|Katrina D’Amore, DO, MPH||St. Joseph’s Regional Medical Center, Department of Emergency Medicine, Paterson, New Jersey|
|David Traficante, DO||St. Joseph’s Regional Medical Center, Department of Emergency Medicine, Paterson, New Jersey|
|Terrance McGovern, DO, MPH||St. Joseph’s Regional Medical Center, Department of Emergency Medicine, Paterson, New Jersey|
|Marco Propersi, DO||St. Joseph’s Regional Medical Center, Department of Emergency Medicine, Paterson, New Jersey|
|Stacey Barnes, DO||St. Joseph’s Regional Medical Center, Department of Emergency Medicine, Paterson, New Jersey|
Alveolar hemorrhage is a rare yet devastating clinical entity if not identified and treated aggressively. Exceedingly rare are the cases of anticoagulant-induced alveolar hemorrhage with very few cases described in the current literature. The nonspecific presentation of an alveolar hemorrhage makes its diagnosis and appropriate treatment difficult in the emergency department. We report a case of a patient on warfarin for atrial fibrillation who was initially misdiagnosed as having community-acquired pneumonia, but subsequently was identified to have a fatal alveolar hemorrhage.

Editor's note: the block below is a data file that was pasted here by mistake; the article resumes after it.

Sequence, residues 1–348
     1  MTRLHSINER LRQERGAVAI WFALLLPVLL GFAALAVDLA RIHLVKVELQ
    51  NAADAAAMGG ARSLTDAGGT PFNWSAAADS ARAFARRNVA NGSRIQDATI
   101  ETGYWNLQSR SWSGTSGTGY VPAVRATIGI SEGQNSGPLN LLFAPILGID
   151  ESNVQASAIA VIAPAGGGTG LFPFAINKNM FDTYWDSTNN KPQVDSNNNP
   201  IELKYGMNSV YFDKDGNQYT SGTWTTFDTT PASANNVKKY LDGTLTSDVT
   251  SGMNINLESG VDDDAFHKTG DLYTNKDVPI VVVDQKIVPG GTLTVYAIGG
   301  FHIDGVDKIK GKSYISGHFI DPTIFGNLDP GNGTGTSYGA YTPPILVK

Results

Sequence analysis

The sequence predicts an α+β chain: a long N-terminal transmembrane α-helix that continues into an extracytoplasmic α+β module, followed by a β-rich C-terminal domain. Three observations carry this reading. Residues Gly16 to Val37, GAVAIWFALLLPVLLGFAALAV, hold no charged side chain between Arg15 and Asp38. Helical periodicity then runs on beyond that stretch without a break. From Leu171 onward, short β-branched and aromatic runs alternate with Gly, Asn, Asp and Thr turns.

Pulmonary hemorrhage can have numerous potential etiologies such as pulmonary embolism, Wegener’s granulomatosis, Goodpasture syndrome, systemic lupus erythematosus and many drugs, including warfarin.1 To the best of our knowledge the incidence of pulmonary hemorrhage induced by anticoagulant use has not been elucidated; however, with very few cases reported we suspect it is a rare diagnosis that may be becoming more common with increasing use of anticoagulants.1-4 The hallmark of treatment is to address the coagulopathy and provide supportive care with suitable oxygenation and ventilation if needed.1